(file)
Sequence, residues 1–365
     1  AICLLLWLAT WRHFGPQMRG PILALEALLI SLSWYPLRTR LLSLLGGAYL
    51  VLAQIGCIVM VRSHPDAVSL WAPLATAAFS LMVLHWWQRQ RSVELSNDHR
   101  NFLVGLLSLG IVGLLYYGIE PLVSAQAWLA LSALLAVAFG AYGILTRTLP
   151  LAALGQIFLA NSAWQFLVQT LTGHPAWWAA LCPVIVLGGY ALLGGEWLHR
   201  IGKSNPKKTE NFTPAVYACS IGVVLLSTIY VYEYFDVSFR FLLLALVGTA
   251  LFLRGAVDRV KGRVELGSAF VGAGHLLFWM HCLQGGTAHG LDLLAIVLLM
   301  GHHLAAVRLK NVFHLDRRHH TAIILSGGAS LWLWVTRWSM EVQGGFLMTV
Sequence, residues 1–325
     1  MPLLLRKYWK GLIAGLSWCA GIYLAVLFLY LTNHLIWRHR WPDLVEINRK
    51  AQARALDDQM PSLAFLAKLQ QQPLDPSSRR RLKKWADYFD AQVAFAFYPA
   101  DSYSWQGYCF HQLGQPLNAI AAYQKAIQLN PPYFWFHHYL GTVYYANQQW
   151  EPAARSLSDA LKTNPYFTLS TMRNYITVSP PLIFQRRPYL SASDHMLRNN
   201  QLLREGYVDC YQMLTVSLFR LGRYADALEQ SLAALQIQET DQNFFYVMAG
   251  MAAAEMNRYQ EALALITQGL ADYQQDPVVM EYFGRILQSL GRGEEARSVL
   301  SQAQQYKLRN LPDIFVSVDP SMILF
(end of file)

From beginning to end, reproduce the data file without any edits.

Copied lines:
Sequence, residues 1–365
     1  AICLLLWLAT WRHFGPQMRG PILALEALLI SLSWYPLRTR LLSLLGGAYL
    51  VLAQIGCIVM VRSHPDAVSL WAPLATAAFS LMVLHWWQRQ RSVELSNDHR
   101  NFLVGLLSLG IVGLLYYGIE PLVSAQAWLA LSALLAVAFG AYGILTRTLP
   151  LAALGQIFLA NSAWQFLVQT LTGHPAWWAA LCPVIVLGGY ALLGGEWLHR
   201  IGKSNPKKTE NFTPAVYACS IGVVLLSTIY VYEYFDVSFR FLLLALVGTA
   251  LFLRGAVDRV KGRVELGSAF VGAGHLLFWM HCLQGGTAHG LDLLAIVLLM
   301  GHHLAAVRLK NVFHLDRRHH TAIILSGGAS LWLWVTRWSM EVQGGFLMTV
Sequence, residues 1–325
     1  MPLLLRKYWK GLIAGLSWCA GIYLAVLFLY LTNHLIWRHR WPDLVEINRK
    51  AQARALDDQM PSLAFLAKLQ QQPLDPSSRR RLKKWADYFD AQVAFAFYPA
   101  DSYSWQGYCF HQLGQPLNAI AAYQKAIQLN PPYFWFHHYL GTVYYANQQW
   151  EPAARSLSDA LKTNPYFTLS TMRNYITVSP PLIFQRRPYL SASDHMLRNN
   201  QLLREGYVDC YQMLTVSLFR LGRYADALEQ SLAALQIQET DQNFFYVMAG
   251  MAAAEMNRYQ EALALITQGL ADYQQDPVVM EYFGRILQSL GRGEEARSVL
   301  SQAQQYKLRN LPDIFVSVDP SMILF